Waiting for the Light
I was on the Sunset Point at the rim of Bryce Amphitheater of Bryce Canyon National Park, awed by the jaw-dropping view in front of me. Sure, I had seen pictures of these colorful, fantastic hoodoos countless times, but nothing could replace the experience of me really been there, seeing these nature wonders though my own eyes.
This was my first visit to this mesmerizing landscape. I went straight to the Sunset Point. The name suggests this must be an ideal location for sunset shots, or so I thought.
So I was here, standing by my camera and tripod, waiting, waiting for the light. The right light.
Light is the most essential element of photography. Poor light makes the best landscape in the world flat and uninviting. On the other hand, great light turns an OK scene into something extraordinary.
The arches, pinnacles, and hoodoos of Bryce Canyon are indeed extremely impressive — especially in the winter time. The colorful formations contrast beautifully with the white snow on the ground. The soft warm light of the setting winter Sun nicely illuminated these fascinating formations, turning rocks into gold. It was the so called golden hour — the first and last hour of sun. Any landscape photographer will tell you in a heartbeat that this is the light you should aim for. The soft, warm, low-angle sunlight can play magic. This is the light that makes great landscape photographs.
I made a few exposures. “Not bad”, I told myself. The light was wonderful. However, there was another voice coming from the back of my mind: “Where are those magical, intensive red colors that I saw in the pictures of Bryce Canyon?” To say I was a little bit disappointed is not exaggerating.
Bryce Canyon at Sunset. Canon 5D Mark II, f/11, 1/13 sec, ISO 100, 165mm, Lee 3-stop soft GND.
The sun went down, throwing everything surrounding me into a giant shadow. The entire landscape appeared dull and lifeless. Tourists were leaving. I did not pack my gears. Years of experiences in the field told me that I should wait. About 30 minutes after sunset, during a period I called the edge of light, the sky often takes rich red and magenta tones, and landscape basks in very soft and super saturated light. The colors may not so obvious to our naked eyes, but films and digital sensors will record the extremely beautiful light. This is actually one of the best times to shoot landscape, especially for American southwest. The colors and light change rapidly so one has to work very fast during this period of time. Preparation and pre-visualization is the key to success.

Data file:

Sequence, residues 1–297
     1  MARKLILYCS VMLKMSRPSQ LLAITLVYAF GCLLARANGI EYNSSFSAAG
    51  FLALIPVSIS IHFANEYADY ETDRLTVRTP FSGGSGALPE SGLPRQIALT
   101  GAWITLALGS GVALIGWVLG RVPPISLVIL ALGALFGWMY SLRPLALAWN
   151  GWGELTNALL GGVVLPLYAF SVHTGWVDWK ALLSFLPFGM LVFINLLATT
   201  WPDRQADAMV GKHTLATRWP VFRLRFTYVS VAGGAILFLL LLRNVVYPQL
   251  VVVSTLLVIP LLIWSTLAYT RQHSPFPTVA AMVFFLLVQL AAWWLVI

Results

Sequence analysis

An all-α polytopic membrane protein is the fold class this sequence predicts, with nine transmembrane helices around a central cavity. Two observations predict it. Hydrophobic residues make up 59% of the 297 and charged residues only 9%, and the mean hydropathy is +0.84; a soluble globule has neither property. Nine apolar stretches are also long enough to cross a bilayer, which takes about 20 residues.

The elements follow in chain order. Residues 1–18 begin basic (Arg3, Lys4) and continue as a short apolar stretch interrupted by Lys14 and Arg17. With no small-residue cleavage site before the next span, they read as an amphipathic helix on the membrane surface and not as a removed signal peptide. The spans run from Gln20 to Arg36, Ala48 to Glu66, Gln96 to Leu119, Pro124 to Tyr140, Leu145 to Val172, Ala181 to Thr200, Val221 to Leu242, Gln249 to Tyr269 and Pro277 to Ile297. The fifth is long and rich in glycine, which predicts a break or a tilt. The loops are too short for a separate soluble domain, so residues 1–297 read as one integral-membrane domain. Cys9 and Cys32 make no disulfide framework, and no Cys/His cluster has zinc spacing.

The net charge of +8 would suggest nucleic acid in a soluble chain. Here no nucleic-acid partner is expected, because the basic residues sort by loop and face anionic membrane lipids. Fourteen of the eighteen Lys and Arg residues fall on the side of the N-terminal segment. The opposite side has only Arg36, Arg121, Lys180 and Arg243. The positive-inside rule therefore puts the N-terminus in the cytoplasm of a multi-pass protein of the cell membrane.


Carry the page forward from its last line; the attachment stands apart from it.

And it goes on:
An hour had passed. My waiting for the ideal light finally paid off. The clouds in the sky turned into rich, vivid red and purple hues. The hoodoos radiated with intensive, glowing red. This was a truly magic moment, and the moment was fleeting. The colors quickly disappeared after I made just a handful of frames.
Bryce Canyon at Dusk. Canon 5D Mark II, f/11, 2 sec, ISO 100, 25mm. Lee 3-stop soft GND.
Both pictures in this post have identical processing settings –— same white balance, same contrast, and same saturation value. And they were from the same location. What a difference an hour made!
And the moral of the story is: Don’t pack your camera when the Sun goes down. The show may have just started.